said winding having a plurality of layers of turns helically wound in a continuous manner about said radially inner wall of said core with each turn substantially abutting a previous turn and each layer overlaying a previous layer such that said winding extends radially completely across said radial width of said endwalls to substantially fill said annular shaped cavity; and
c) wherein said plunger and electromagnetic coil respectively each include a second portion of said radially outer and inner surfaces thereof configured to define complementary, second generally conically shaped, surfaces thereof;
each of said respective second conical surfaces converging toward a respective apex of a cone defined by that second conical surface, the apex of each of said second conical surfaces coinciding with said axis in such a manner that said second conical surface of said plunger converges toward its respective apex in a direction consistent with axial motion of the plunger when said solenoid is urging said translating element to move from said locked to said unlocked axial position;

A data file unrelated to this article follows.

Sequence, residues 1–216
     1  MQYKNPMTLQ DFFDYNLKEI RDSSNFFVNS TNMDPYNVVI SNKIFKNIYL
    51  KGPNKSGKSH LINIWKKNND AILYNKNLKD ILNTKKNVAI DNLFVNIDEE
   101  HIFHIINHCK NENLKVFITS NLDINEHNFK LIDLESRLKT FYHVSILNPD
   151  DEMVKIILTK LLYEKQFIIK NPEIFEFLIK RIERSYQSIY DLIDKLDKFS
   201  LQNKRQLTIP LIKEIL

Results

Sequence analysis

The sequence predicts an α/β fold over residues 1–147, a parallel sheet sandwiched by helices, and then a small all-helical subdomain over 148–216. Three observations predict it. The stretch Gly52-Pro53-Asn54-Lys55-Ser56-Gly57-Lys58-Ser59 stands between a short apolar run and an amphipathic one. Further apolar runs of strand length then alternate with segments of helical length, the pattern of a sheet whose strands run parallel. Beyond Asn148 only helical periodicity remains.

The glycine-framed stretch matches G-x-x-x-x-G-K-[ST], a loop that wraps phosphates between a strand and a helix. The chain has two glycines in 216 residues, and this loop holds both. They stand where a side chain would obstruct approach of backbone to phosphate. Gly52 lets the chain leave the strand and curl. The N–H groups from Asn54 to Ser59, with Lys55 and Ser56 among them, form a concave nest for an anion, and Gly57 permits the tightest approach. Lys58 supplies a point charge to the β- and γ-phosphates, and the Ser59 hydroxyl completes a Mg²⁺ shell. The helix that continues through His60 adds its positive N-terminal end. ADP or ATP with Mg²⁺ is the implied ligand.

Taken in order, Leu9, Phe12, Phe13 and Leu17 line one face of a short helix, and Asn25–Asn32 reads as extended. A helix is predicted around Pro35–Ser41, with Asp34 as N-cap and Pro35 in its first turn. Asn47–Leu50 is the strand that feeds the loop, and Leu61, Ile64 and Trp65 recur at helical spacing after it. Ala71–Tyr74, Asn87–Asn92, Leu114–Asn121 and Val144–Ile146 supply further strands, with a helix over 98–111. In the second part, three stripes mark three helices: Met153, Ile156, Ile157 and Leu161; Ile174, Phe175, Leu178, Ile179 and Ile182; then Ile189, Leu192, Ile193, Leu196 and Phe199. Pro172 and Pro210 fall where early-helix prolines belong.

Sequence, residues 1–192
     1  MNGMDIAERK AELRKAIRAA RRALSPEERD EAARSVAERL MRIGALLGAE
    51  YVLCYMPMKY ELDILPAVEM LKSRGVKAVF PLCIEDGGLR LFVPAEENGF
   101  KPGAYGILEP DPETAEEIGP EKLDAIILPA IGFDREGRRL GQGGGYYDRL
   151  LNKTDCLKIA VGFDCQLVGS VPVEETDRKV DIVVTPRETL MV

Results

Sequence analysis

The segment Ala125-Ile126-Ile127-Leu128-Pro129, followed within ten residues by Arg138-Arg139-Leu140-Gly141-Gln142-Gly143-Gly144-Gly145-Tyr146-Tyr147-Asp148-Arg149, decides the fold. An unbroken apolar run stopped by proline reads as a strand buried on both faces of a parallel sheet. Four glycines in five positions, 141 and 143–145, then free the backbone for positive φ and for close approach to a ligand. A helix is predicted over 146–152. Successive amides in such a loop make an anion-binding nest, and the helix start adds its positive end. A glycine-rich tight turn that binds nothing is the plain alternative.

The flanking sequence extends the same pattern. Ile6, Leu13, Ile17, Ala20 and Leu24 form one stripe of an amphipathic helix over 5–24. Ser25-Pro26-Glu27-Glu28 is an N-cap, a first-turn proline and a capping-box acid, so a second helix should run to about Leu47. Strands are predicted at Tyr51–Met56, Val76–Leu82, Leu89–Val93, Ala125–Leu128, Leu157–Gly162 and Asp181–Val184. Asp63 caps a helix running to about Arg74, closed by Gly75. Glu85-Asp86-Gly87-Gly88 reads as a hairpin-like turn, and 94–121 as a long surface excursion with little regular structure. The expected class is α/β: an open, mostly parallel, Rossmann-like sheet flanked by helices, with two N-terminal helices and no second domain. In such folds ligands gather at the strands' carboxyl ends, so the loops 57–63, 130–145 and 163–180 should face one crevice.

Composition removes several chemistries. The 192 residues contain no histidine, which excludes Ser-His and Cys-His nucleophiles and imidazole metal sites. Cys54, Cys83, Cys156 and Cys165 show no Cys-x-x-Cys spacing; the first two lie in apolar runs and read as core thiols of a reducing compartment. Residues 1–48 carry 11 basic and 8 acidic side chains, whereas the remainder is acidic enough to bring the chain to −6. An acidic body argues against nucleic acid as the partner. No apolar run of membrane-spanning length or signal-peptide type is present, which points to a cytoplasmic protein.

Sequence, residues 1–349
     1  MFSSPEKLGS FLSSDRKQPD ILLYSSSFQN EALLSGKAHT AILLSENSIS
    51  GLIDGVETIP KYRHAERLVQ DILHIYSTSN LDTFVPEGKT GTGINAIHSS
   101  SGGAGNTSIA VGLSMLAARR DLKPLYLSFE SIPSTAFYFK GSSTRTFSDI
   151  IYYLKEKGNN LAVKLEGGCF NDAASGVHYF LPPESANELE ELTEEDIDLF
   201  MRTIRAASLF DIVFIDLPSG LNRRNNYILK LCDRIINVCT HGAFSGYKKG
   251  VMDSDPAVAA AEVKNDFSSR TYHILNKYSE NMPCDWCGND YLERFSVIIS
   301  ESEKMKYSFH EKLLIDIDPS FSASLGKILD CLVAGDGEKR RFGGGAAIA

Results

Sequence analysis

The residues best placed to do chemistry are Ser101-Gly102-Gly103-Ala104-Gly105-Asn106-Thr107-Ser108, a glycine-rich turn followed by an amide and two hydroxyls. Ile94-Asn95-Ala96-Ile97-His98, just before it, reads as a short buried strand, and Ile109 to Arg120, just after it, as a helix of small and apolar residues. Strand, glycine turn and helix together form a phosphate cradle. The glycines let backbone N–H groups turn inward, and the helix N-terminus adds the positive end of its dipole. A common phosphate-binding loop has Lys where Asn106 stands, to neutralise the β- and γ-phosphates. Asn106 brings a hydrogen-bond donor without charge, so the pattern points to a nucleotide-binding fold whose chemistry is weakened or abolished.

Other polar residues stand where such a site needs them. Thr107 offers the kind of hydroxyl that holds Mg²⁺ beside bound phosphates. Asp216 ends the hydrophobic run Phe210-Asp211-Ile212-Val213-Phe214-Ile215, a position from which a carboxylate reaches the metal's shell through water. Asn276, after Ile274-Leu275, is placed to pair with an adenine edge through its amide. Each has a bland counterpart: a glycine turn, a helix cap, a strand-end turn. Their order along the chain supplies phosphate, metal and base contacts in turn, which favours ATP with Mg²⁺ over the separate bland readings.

said second conical surfaces defining a second generally annular conical air gap therebetween having an axial length substantially equal to said first air gap when said translating element in said locked axial position;
said second conical surfaces of said plunger and electromagnetic coil being radially and axially disposed such that said second conical surfaces and second air gap are equally disposed radially about the cylindrical plane defined by said median radius of said annular cavity, and axially adjacent to one of said radially extending endwalls of said annular shaped cavity.
24. The braking apparatus of claim 23 wherein said second conical surfaces include means for removing a condensate therefrom.
25. The braking apparatus of claim 24 wherein said means for removing condensate includes drain means for conducting a flow of fluid away from said second airgap, and said second conical surfaces are coated with a material resistant to retention of a condensate thereupon.
26. The braking apparatus of claim 25 wherein said material resistant to retention of a condensate thereupon includes a fluorinated carbon material.